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I have a large application I have written. I can successfully compile the application in the following scenarios:

  • in a native compilation for the i386 host running Ubuntu 12.04
  • natively on a PandaBoard running Ubuntu 12.04 (this takes a long time)
  • using Qemu and a chroot on the host PC for the armhf PandaBoard target (this takes a very long time)

I would like to cross-compile the application on the i386 host to run on a target such as the PandaBoard to complete builds in a timely fashion. So far attempts made using the arm-linux-gnueabihf tool chain in the repositories has produced binaries that do not run correctly. At this stage, I have no plans to package the software.

What is the recommended way to achieve a successful cross-compile?

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Cross-compiling with the cross-compiler toolchain should work, that's what it's for. In what way do the binaries not run correctly? – Gilles May 2 '12 at 20:59
My binaries terminate almost immediately. strace seems to indicate that isn't where it is expected to be. – Jonathan Cave May 2 '12 at 22:28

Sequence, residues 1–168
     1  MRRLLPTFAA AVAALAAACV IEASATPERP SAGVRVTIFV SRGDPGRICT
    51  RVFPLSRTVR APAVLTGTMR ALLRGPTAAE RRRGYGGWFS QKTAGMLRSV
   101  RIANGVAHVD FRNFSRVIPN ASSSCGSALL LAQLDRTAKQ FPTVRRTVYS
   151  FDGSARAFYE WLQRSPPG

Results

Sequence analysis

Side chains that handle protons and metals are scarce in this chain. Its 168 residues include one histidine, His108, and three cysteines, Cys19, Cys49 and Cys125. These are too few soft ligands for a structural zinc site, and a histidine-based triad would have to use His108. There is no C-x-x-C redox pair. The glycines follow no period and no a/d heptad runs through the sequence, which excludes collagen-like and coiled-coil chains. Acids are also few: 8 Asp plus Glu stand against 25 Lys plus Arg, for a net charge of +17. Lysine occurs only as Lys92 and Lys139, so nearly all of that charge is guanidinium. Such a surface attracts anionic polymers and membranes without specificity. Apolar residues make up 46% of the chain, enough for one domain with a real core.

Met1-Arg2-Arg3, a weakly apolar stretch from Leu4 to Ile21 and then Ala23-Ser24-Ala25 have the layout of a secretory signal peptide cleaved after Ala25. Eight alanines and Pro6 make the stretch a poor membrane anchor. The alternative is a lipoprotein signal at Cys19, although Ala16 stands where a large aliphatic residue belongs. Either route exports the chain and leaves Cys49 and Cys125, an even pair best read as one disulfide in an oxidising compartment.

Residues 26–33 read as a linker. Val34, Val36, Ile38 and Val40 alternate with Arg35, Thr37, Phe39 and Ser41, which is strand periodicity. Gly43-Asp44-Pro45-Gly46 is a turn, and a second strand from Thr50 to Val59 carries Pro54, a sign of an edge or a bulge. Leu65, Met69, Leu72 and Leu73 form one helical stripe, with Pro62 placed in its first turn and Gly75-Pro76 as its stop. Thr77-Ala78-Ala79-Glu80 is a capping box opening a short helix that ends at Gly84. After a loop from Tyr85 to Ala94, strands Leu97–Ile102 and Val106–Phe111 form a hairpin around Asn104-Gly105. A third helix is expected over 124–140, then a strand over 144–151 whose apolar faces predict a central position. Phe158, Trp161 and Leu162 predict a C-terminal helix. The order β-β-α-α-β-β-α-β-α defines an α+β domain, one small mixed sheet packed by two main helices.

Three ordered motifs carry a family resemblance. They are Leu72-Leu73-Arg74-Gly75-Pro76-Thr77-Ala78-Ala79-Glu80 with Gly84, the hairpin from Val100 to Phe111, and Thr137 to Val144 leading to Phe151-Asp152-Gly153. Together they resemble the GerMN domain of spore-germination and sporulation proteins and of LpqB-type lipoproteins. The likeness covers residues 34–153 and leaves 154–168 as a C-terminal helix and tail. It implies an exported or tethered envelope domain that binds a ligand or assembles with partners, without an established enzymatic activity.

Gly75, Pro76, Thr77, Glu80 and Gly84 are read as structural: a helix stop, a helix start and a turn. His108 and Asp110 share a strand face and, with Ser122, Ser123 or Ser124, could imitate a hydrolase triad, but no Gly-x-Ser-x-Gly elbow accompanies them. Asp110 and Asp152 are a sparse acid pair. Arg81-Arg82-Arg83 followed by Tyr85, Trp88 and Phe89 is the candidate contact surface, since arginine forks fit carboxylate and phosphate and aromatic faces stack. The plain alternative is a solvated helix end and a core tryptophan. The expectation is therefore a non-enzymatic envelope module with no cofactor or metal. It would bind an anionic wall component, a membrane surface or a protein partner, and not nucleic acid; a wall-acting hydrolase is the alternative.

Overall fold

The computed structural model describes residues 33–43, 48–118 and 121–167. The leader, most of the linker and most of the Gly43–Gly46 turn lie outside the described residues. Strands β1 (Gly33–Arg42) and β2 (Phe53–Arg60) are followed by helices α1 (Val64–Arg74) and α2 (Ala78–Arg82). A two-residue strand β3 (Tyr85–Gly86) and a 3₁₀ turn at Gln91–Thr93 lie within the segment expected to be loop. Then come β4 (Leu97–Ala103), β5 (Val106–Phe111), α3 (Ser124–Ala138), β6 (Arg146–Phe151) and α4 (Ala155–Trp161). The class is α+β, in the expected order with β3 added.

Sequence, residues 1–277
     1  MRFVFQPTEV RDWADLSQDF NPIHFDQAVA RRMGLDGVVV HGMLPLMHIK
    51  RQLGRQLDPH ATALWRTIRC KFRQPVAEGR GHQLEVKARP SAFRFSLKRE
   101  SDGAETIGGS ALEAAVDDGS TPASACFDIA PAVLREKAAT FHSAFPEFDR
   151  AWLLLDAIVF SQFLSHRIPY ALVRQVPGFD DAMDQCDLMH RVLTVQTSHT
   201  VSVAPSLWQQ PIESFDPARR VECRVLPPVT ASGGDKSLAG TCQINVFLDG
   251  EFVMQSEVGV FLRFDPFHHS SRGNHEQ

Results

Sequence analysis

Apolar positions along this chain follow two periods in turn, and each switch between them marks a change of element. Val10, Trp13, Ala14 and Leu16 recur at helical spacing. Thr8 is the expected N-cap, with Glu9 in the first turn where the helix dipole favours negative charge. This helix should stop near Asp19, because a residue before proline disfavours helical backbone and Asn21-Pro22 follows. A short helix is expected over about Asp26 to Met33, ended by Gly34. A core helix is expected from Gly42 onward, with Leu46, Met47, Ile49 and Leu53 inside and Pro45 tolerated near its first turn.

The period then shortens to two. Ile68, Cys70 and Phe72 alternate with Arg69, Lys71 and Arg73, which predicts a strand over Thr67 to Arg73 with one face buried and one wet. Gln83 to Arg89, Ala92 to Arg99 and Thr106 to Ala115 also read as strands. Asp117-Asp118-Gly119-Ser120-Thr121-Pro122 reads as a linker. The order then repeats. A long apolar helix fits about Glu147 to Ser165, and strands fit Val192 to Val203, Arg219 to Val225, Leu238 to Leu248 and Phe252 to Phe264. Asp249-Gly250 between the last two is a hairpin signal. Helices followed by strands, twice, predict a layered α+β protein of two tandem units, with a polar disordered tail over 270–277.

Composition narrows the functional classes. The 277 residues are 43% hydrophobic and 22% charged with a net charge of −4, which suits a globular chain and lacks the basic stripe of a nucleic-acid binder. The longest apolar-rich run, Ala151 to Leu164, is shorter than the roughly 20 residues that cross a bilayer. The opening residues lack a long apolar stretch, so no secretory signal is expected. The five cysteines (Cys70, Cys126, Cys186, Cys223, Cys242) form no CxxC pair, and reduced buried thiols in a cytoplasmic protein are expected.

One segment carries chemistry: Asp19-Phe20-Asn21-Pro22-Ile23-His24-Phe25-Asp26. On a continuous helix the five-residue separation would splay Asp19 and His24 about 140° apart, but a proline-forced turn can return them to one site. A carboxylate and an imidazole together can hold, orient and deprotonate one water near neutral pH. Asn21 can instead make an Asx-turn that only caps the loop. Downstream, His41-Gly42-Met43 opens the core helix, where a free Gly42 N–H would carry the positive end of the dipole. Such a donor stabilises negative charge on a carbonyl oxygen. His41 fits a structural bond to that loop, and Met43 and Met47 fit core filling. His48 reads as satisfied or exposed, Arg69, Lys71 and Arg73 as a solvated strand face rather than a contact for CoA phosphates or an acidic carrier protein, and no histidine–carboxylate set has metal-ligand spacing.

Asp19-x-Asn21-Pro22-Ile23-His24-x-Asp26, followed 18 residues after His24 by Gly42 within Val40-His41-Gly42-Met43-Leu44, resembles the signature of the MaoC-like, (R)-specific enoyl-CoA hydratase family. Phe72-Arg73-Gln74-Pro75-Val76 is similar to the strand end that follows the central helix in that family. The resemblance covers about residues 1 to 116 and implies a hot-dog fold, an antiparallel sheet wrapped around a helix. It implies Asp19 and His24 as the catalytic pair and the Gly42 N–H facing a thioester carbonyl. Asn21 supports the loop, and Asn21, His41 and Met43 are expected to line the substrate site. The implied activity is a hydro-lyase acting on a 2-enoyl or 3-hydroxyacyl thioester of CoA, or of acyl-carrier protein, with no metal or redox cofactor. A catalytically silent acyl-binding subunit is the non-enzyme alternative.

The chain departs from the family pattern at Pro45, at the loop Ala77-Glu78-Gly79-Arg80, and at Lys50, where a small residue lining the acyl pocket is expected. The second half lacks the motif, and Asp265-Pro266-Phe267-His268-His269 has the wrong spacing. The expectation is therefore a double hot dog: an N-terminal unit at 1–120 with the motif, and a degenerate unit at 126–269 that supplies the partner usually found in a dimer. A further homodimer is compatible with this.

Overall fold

That should be fixable by a link option (I don't know which one offhand). Is the target system running Ubuntu? – Gilles May 2 '12 at 22:29
Yes target is also running Ubuntu 12.04. I had thought that maybe I needed to use the --sysroot option to the compiler and linker, but this is disabled in the Ubuntu toolchain. – Jonathan Cave May 3 '12 at 8:57
The toolchain Just Works for me, on 12.04. I've just tested it on amd64, and successfully ran the binary it produced on an armhf server. But I don't have an i386 build machine handy. If you're still having problems, you'll need to elaborate. What does ldd say? What did you see from strace that took you to your conclusion? See if you can reduce your problem to a simple test case which should clearly work, and present the steps you are taking in detail. – Robie Basak Jul 5 '12 at 22:03

Ubuntu has a cross-toolchain, apt-get install gcc-arm-linux-gnueabihf but work on the next-gen toolchain is discussed here:

There are a number of workarounds that are necessary at this point. For example, if you use indirect linking (covered in the linaro wiki page.) You also should avoid running foreign binaries right after compiling them.

Also, its really most mature with autotools.

I got my package to cross-compile fairly quick.

apt-get build-dep -aarmhf foo-pkg
apt-get source foo-pkg
cd foo-pkg-*
dpkg-buildpackage -aarmhf
share|improve this answer
Please explain what these steps do, and what the switch -aarmhf is. They are not familiar to many users, requiring them to search yet another layer deeper to get a usable answer. Thanks. – garyp Nov 19 '12 at 19:25

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